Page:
virtual County Commissioners Meeting

The screen view of Rio Arriba County’s March 27 virtual commission meeting. County Commissioners March 27 declared a local state of emergency in the County due to the global COVID-19 outbreak.

Rio Arriba County Commissioners declared a local state of emergency March 27 due to the outbreak of COVID-19.

As of Tuesday evening, there are four cases of COVID-19 in the County, according to the Department of Health website.

Through the emergency declaration, the Commissioners authorized County Manager Tomas Campos to take all necessary actions regarding his employees that will allow the County government to continue serving residents during the crisis.

Those actions may include allowing use of electronic media in procurement processes, limiting the availability of certain County services, closing County buildings to the public, prohibiting interaction between County employees and the public, limiting hiring and non-essential expenditures to brace for the expected drop in revenue, altering hours of operation, allowing flexibility of time and location of work and making temporary alterations to the County personnel handbook.

County officials closed the Española County administrative complex to the public on March 29 and the Tierra Amarilla complex on Wednesday (4/1).

Staff will continue conducting County business by telephone and by email. Members of the public will be able to drop off documents and checks in drop boxes outside the office buildings. County officials ask that anyone who drops off a document or a payment follow up with a phone call.

Campos said that County employees will continue attending the offices and that they will need to use sick or annual leave if they choose to stay home.

To perform essential County functions, they need the office technology, he said.

“It’s hard, because when you come in to do recording, nobody can get that at home,” he said. “They’ve got to record it there at the office. The assessments, can’t do that from home, and you can’t take payments from home.”

County Clerk Linda Padilla said she has heard the County does not have the capability to allow employees to work from home. She gave employees in the Clerk’s office the option to use their leave and stay home but they have chosen to come into the office, she said.

When members of the public need paperwork and documents immediately, Padilla is instructing them to call the Clerk’s office and make an appointment to drop off their documents in the County drop box. A County employee is collecting the documents with gloves and then spraying them with Lysol.

The staff is not having any contact with the public, she said.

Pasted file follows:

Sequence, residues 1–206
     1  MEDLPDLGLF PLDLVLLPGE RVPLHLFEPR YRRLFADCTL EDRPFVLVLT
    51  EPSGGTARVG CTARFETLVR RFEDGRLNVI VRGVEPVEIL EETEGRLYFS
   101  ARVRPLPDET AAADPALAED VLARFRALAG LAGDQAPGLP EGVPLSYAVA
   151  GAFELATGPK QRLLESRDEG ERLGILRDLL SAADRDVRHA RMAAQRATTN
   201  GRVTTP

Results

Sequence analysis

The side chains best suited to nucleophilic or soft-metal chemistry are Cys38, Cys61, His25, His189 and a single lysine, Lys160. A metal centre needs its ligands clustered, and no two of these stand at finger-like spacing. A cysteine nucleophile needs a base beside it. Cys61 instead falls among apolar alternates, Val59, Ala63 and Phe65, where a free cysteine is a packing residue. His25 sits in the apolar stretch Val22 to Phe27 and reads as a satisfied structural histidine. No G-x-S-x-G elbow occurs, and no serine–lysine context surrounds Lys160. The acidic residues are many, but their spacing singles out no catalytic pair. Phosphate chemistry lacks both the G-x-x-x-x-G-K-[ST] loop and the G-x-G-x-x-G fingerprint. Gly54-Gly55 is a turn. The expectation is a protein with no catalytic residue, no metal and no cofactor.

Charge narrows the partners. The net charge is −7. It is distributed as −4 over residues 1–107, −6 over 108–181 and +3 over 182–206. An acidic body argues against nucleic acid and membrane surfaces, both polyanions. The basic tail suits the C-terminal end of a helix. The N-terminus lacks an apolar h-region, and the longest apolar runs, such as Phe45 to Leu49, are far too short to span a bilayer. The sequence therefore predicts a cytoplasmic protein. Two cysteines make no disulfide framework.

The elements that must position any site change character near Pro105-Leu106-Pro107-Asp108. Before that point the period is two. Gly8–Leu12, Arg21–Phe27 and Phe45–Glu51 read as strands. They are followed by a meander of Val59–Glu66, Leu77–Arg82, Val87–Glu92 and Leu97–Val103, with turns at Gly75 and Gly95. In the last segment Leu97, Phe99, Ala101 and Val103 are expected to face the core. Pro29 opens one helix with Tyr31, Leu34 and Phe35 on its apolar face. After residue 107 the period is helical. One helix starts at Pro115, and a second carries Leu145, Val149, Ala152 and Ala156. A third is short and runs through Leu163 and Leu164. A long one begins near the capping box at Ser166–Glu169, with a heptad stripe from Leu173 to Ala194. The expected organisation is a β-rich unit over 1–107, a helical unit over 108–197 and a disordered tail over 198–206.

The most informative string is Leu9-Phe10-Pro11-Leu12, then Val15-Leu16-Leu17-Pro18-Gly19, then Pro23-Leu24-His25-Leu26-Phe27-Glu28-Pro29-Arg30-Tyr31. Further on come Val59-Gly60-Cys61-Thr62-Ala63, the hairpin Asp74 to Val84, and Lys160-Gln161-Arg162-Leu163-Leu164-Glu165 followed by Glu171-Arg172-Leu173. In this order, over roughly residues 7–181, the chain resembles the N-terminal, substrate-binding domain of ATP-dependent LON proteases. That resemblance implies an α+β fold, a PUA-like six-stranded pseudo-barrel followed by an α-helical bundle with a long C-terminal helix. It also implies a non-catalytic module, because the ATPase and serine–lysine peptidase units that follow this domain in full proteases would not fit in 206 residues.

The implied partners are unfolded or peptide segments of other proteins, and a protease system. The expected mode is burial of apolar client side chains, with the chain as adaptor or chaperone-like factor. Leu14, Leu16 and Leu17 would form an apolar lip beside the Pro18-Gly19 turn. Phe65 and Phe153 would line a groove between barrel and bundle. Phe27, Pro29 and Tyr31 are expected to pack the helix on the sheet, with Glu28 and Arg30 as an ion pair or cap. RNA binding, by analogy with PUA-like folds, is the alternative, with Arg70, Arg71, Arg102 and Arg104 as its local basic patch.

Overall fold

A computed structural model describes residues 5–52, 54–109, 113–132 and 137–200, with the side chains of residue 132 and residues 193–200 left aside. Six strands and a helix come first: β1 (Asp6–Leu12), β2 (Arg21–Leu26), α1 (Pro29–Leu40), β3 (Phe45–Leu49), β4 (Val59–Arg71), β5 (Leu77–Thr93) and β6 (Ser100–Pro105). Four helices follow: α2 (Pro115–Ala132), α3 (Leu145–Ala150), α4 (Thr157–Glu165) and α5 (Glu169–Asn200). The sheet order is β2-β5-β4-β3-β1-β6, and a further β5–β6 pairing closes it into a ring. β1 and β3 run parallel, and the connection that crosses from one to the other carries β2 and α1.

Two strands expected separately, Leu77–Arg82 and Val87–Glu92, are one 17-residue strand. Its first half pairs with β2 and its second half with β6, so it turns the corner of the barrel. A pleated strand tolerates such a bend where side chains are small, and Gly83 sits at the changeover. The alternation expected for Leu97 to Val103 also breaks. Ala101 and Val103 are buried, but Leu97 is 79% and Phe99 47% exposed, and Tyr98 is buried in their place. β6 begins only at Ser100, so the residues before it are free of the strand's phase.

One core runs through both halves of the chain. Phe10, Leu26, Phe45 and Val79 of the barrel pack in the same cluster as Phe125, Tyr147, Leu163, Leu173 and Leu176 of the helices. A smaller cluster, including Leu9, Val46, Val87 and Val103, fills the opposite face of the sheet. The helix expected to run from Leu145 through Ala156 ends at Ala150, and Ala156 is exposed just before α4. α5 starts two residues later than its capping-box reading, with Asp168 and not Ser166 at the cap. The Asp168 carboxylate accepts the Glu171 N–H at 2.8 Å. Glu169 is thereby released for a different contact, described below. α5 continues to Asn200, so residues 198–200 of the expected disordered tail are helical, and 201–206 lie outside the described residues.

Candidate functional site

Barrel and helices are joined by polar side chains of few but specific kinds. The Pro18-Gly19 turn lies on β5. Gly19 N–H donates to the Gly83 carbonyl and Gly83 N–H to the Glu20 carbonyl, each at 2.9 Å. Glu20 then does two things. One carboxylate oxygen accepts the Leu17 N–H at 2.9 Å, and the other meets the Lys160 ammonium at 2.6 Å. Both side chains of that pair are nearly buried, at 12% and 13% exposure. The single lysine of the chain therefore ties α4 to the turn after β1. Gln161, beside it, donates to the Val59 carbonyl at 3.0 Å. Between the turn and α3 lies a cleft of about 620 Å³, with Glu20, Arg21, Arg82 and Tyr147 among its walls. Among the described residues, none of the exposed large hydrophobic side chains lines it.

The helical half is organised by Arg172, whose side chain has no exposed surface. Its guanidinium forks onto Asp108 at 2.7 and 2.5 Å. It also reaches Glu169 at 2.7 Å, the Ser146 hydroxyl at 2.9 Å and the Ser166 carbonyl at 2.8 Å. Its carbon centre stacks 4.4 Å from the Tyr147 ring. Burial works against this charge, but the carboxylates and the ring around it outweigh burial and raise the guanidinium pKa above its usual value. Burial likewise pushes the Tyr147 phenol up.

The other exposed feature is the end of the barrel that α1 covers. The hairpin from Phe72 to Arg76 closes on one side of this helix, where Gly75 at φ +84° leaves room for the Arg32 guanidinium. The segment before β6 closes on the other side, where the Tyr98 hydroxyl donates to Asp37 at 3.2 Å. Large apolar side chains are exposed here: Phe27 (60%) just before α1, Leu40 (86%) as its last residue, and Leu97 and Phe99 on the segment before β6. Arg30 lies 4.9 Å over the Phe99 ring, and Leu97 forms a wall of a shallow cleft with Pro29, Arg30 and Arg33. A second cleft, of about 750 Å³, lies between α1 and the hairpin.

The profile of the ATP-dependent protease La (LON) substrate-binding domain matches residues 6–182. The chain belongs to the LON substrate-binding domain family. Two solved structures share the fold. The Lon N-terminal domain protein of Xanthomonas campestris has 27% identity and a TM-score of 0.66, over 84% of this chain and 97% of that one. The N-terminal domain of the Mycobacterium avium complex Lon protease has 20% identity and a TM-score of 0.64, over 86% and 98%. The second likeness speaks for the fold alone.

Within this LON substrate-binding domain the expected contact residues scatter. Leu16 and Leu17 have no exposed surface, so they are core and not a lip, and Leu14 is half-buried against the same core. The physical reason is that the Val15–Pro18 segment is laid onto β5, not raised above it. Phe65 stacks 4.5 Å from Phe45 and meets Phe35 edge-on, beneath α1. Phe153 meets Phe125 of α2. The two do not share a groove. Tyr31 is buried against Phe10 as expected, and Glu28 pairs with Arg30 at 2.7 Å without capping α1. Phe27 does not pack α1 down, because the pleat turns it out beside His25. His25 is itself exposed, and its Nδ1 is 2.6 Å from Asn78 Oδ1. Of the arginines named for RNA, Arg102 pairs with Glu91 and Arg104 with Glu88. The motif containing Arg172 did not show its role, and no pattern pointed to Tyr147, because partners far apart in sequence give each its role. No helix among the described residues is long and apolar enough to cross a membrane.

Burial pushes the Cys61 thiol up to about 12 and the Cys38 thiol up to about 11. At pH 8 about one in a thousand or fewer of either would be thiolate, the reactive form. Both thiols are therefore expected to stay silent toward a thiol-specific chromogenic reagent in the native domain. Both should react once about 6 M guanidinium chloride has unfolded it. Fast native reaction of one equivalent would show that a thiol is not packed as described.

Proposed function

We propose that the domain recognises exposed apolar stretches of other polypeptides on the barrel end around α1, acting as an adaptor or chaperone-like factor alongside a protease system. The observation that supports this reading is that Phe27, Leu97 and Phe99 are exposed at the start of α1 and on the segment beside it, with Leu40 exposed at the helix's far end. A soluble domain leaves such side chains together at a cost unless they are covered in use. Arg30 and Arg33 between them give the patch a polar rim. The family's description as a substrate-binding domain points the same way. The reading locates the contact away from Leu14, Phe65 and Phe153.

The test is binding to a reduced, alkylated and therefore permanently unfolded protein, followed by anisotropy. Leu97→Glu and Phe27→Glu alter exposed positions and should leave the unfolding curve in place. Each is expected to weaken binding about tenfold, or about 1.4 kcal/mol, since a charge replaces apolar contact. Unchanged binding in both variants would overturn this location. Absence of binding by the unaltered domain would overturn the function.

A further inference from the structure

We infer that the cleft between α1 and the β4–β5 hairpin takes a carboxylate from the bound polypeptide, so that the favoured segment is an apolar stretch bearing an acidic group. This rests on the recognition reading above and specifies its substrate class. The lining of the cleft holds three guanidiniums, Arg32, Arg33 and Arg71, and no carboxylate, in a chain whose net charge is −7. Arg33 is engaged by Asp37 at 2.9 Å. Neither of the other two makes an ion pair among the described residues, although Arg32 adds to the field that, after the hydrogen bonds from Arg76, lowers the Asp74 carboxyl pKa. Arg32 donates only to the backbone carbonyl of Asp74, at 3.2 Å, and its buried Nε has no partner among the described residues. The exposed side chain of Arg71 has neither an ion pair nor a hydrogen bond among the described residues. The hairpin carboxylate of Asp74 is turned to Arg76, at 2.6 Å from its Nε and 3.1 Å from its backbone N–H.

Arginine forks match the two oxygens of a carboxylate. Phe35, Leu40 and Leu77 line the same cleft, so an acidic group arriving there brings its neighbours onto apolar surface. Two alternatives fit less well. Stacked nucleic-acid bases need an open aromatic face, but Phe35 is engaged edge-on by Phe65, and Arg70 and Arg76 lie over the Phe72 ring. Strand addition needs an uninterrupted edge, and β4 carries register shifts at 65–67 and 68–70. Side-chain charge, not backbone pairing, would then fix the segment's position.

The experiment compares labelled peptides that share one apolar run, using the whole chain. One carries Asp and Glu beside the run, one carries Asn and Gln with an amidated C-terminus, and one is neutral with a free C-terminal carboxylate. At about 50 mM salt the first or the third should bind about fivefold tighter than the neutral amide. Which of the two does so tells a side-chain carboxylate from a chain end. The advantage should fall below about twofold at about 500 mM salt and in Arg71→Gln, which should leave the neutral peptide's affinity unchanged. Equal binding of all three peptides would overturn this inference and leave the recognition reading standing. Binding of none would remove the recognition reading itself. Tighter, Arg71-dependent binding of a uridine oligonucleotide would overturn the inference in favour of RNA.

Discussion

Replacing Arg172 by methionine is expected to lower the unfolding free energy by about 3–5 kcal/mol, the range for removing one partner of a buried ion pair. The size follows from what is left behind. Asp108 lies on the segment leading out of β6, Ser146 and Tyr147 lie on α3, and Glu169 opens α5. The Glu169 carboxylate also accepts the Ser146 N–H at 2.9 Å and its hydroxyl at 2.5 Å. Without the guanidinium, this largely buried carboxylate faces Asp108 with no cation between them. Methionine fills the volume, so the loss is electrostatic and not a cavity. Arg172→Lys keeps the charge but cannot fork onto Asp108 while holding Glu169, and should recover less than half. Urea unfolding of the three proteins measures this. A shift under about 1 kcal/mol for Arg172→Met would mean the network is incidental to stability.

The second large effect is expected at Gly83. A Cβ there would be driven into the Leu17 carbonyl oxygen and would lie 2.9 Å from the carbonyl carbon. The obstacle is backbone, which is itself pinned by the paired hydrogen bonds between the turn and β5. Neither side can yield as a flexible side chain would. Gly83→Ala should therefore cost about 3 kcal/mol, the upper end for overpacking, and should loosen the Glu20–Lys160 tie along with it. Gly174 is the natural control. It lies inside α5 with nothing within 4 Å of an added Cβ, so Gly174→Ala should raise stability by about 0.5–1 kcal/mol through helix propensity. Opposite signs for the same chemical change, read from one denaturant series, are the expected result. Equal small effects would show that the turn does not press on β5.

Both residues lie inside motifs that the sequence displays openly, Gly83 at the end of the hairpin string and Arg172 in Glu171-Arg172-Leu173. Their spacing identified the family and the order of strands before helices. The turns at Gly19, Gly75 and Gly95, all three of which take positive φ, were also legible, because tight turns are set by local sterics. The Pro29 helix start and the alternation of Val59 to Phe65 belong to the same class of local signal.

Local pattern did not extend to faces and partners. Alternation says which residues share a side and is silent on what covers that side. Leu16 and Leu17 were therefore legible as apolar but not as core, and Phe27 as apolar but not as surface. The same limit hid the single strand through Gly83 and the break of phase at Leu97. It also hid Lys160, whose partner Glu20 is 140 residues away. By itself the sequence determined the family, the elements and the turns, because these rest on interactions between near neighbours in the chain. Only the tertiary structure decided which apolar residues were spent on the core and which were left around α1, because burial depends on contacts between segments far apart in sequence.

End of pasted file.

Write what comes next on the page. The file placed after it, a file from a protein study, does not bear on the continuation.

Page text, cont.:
“I’m not putting my staff through that,” Padilla said.

County Assessor Levi Valdez said he is following County management and that some employees in the Assessor’s office are taking their leave to limit the number of employees in the office at once. Typically there are nine employees in the office and now there are five or six, he said.

He said technology in the office is necessary for completing tasks, but that the County needs to look into purchasing new equipment that would allow staff to work from home.

“In the future what the County really needs to do is start looking at all different scenarios and cases like this,” he said. “We need to be prepared and start planning for different computers that we could take home.”

The emergency declaration also cancels all non-essential County events set to occur on or before April 15, asks all places of private employment to take reasonable precautions, confirms County Fire Marshal Alfredo Montoya as the local coordinator of emergency management for the COVID-19 emergency and allows the County manager to authorize any available funds for the COVID-19 response.

Under the declaration, County officials are requesting financial assistance from New Mexico agencies, including the New Mexico State Department of Homeland Security and Emergency Management, and from federal agencies, including the Federal Emergency Management Agency.

Campos said in a Tuesday phone call that he will likely slow down spending from the County’s General Fund.

He has been pushing state officials to send the County more personal protective equipment and to share more information with County officials about where in the County the cases of COVID-19 are located, so that County officials have a sense of the spread of the virus throughout the County, he said.

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